Then there's the lollygagging. I do a set, breathe, do another set, breathe, do another set, and move rapidly onto the next machine. Brad does a set, wanders around in circles, checks himself out in the mirror, gets a drink of water, asks me fifteen questions, talks to a few other gym goers, checks himself out get the idea.

We've long known that Brad is a morning person, and I am a person who should not even have human contact until after 9 a.m. and/or 3 cups of coffee. He wakes up like a Jack Russell terrier, all bouncy and happy and tongue-waggy. I wake up like a bear whose hibernation was disrupted by a Jack Russell terrier's incessant barking.

But, it works. We work. Most of the time, except at the gym apparently, I love that we are so different. I love that we can sometimes irritate the hell out of each other and still be each other's person. I love that he texts me in the morning just to say, "How is your morning going?" I love that he wants to help me lose my extra weight (even though he likes it) just because he knows I'm not comfortable with my body. And after a weekend of college visits and preparing to let our first baby leave the nest, I love that I know we will be okay once the kids grow up and move away. Most of all, I love that I get to spend my life with my best friend.

Thursday, August 4, 2011

F you, scale.

So I wrote about how great I feel taking my medication and how being medicated is so wonderful and everyone should do it and how I'm embracing my weight gain, and blahbiddyblahblahblah. And those of you who know me, well two of you who know me, called bullshit on that. Said, and I paraphrase, "I know you, and there is no way in hell you are okay with gaining twenty pounds."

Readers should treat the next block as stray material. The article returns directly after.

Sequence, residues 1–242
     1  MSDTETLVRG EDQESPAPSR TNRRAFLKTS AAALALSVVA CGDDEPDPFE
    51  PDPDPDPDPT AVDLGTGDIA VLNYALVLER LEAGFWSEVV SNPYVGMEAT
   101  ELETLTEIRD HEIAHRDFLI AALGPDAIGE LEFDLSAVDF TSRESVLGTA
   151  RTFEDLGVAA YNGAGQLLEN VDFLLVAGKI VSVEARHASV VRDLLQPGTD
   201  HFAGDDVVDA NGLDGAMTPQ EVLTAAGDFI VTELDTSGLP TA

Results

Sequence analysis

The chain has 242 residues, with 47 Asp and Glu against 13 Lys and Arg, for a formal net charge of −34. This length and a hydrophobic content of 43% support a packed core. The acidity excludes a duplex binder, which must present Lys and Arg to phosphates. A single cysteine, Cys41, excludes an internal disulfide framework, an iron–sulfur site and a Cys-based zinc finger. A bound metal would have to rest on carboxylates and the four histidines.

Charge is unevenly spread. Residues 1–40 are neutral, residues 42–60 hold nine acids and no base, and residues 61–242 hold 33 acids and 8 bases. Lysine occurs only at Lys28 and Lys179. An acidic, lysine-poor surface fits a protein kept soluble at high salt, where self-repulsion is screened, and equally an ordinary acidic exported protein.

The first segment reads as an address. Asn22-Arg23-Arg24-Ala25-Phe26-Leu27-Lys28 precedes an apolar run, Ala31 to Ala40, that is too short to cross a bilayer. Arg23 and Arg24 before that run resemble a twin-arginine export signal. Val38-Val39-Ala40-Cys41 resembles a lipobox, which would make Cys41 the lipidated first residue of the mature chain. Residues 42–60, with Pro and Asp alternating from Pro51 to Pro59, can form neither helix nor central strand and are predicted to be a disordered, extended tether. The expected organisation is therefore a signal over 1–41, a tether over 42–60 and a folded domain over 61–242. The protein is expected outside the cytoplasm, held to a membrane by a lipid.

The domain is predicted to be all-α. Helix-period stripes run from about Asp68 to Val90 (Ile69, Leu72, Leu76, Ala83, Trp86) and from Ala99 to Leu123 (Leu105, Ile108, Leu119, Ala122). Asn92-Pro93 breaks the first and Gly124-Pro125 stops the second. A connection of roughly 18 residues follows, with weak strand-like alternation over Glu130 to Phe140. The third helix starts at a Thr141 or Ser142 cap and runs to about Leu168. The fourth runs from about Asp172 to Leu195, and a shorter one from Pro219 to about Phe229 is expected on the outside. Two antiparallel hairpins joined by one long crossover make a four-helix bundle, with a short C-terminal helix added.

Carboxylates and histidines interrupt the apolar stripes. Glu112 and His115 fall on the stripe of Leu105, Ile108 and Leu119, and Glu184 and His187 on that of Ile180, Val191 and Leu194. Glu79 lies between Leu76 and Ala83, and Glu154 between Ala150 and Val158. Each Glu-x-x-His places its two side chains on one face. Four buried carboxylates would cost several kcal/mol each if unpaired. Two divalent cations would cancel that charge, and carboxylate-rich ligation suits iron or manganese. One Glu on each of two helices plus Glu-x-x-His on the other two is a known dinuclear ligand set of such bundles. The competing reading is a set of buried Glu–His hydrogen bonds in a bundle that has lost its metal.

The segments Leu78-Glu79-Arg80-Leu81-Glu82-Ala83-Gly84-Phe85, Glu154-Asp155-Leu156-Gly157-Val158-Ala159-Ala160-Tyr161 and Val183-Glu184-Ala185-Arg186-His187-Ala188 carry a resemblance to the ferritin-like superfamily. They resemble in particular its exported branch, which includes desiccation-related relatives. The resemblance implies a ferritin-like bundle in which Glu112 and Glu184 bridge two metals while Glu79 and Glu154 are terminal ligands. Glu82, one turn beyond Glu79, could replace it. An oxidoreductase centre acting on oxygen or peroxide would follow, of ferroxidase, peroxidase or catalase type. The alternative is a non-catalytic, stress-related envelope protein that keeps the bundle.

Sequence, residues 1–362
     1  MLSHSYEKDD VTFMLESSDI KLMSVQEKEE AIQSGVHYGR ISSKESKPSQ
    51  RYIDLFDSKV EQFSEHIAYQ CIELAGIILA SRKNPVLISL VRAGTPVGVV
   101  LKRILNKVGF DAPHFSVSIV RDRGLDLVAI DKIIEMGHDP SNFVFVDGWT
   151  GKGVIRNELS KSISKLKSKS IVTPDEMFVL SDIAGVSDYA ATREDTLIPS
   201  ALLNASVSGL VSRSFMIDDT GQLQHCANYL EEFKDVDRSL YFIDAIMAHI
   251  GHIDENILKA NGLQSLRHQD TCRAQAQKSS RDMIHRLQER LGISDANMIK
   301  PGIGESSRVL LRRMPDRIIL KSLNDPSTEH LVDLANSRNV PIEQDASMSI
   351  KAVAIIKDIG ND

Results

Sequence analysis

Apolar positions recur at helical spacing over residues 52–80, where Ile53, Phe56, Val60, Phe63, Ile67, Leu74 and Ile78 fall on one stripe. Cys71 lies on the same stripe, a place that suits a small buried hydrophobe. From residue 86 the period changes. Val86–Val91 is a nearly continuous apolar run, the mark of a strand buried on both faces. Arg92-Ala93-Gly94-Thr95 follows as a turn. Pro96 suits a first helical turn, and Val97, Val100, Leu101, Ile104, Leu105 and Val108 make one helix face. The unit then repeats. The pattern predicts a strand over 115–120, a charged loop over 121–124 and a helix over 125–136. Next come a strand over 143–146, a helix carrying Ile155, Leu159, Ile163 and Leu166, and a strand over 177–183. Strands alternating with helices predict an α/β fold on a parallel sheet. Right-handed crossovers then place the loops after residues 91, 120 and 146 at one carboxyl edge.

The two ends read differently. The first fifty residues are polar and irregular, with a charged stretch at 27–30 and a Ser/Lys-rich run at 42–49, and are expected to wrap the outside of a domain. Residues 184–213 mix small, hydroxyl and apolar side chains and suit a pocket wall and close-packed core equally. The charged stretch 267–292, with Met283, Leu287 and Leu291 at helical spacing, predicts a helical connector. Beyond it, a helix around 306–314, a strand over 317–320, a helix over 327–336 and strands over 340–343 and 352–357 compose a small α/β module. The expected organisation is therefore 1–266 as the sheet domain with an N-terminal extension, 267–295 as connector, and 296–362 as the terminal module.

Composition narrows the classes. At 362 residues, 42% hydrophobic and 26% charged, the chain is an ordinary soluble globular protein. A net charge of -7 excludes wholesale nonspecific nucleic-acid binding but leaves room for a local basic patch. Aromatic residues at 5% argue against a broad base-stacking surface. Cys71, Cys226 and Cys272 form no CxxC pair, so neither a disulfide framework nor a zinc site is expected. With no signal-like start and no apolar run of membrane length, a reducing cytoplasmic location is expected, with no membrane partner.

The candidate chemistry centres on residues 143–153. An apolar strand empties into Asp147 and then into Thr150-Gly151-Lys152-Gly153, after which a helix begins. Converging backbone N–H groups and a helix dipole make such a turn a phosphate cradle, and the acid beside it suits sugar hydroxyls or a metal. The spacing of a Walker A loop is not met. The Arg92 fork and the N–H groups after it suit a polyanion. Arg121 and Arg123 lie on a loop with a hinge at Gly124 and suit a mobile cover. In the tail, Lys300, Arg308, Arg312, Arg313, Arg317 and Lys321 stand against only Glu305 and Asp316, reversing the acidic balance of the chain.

I'm not. I'm trying to be, but I'm not. The things that I wrote about, the curves, fewer wrinkles, yep, I like that, I'm good with that. What I'm not good with is getting on the scale and seeing a number that I've only seen when I had to view the scale around a pregnant belly. Why does that stupid number have so much power over me? Why should it matter so much? Why, when I feel good about everything else, does that number get to strike me down every single day? I don't know why. I only know that it does.

I eat very well, no meat--lots of fish--no dairy, only whole grains, lots of fruits and veggies. I go to the gym at least 3 times a week and work out hard. I mean seriously? I'm really not sure what else to do. One other time in my life this happened. I took a medication--that time it was birth control--and gained a bunch of weight. I stopped the medication; the weight fell right off, and I was good. Oh, except that I got pregnant, but that ended up with my sweet little L Bears, so that was good too.

I am contemplating stopping the medication. I just read an article about how depression is our body's (I read that as God's) way of helping us deal with issues. We get flattened, debilitated, so we have no recourse other than to ruminate on our issues and deal with them. Brad asked me what I thought about the article, and I said, "I think it's probably true, but I don't have time to be flattened. I've got three people who need me to be on top of my game."

What do I do? I take the medication, I guess, so I can function. I deal with the weight gain, I guess, because the good outweighs the bad. I just keep on keeping on.